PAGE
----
Skip to content

Prostate Cancer Lab #34: Review of Eric Hall’s Case

The medical oncologist and the radiation oncologist were really against the PSMA. They were transparent, and said they thought he would be high volume based on the Gleason 10 and PSA of 146. If we did the PSMA, it would show high volume, and that would essentially take radiation off the table in their opinion. We disagreed with them that if it was high volume, we wanted to know that it’s high volume, and if that did take radiation off the table, then it did, but not to say we didn’t lose a lot of sleep about that decision.” – Stephanie Hall

My big question is: what is the value for me to skip over the standard of care things of surgery and radiation and try to go straight to one of these more targeted drug approaches?” – Eric Hall

Meeting Summary

Eric Hall is a prostate cancer patient, currently on his first line of treatment of androgen (hormone) deprivation therapy and facing a decision on what to do for his next step of treatment. Eric’s situation is unique because from his initial diagnosis he was faced with a very aggressive cancer which didn’t fit well with the standard approaches codified in the “standard of care” (the NCCN guidelines).

The community we have built in the Prostate Cancer Lab has discussed the cases of several advanced prostate patients. The community is a diverse crowd composed mostly of engaged and educated advanced prostate cancer patients, and also including molecular biologists, bioinformaticians, and clinicians. We call this patient case review a “hackathon”. Eric shared his medical history, treatment options, strategic considerations, and leanings, and solicited feedback.

What is Eric Hall’s medical situation?

Eric was diagnosed with “de novo” (at diagnosis) “oligo-metastatic” (cancer cells have traveled from the original or primary prostate tumor site to form a small number of new tumors in one or two other sites) prostate cancer in July 2022 at age 50. Eric’s cancer was very unique. The cancer was advanced, as measured by a PSA (prostate specific antigen, the biomarker that measures prostate cancer activity) of 146, and “Gleason” 10. (The lowest Gleason score is 6, which is a low-grade cancer. A Gleason score of 7 is a medium-grade cancer, and a score of 8, 9, or 10 is a high-grade cancer.) His cancer has spread beyond the prostate capsule, but not out of the pelvic area. His tumor measured 4×5 cm, abutted the rectum and pelvic floor, and involved the soft tissues. Eric’s doctors were hesitant about getting a scan to look at the spread of his cancer, assuming that it would show widespread metastasis, given his high PSA and Gleason scores, but relented. They were quite surprised to not see more metastatic sites. His medical diagnosis is “oligo-metastatic; nodally advanced; locally advanced.” It’s metastatic (has spread beyond the prostate), but not too far, which is a rare in-between condition.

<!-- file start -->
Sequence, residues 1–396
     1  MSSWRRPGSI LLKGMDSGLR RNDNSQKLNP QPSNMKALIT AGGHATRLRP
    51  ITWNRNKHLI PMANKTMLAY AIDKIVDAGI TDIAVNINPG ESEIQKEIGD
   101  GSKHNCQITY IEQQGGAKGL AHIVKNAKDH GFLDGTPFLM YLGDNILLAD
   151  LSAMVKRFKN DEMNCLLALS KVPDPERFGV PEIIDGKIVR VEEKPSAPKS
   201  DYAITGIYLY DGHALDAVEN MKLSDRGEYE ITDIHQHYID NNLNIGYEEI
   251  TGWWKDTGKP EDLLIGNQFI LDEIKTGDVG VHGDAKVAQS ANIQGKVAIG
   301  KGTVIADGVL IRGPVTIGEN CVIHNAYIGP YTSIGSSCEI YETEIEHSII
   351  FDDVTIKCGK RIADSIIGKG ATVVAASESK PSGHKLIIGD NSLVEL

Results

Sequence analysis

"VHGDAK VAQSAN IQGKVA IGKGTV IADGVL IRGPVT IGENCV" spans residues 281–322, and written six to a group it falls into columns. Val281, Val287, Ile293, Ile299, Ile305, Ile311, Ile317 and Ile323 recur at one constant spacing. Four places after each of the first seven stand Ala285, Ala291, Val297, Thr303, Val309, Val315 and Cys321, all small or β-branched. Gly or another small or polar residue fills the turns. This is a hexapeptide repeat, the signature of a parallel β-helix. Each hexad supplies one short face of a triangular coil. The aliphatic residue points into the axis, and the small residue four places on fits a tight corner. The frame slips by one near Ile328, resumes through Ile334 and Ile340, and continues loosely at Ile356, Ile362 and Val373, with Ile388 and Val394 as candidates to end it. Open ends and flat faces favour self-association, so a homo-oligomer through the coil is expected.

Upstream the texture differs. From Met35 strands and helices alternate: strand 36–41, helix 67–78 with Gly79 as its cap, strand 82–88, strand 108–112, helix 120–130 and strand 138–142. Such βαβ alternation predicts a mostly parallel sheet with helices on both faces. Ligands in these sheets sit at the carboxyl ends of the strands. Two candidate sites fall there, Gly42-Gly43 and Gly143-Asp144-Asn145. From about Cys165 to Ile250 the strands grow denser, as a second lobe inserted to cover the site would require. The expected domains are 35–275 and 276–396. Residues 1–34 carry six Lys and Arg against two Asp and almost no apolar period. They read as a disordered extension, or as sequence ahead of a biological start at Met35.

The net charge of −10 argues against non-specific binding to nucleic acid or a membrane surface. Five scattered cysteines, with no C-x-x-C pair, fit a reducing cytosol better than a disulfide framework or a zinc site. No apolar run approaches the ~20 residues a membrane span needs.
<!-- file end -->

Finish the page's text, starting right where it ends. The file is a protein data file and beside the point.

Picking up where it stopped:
In terms of biomarkers, Eric has an “ALK fusion (ALK:DTNB)”. ALK is anaplastic lymphoma kinase, and a fusion is a chromosome mutation. This ALK fusion is extremely rare in prostate cancer, yet is common in other cancers, especially non-small-cell lung cancer. Further testing revealed additional biomarkers: a CHEK2 mutation and high expression for AR and FOLH1 (PSMA) proteins.

Since his diagnosis four months ago, Eric has started two types of androgen deprivation therapy (Orgovyx – Relugolix and Zytiga – Abiraterone) along with a steroid (Prednisone). In addition to medical treatments, Eric has been very active in researching and implementing many lifestyle changes to heal his cancer, boost his immune system, and detoxify his body, including switching to a vegan diet with fresh-pressed vegetable juices and intermittent fasting, taking several supplements, such as mushroom powders, TUDCA, melatonin, and CBG, and cutting out alcohol and soda. He has increased his exercise.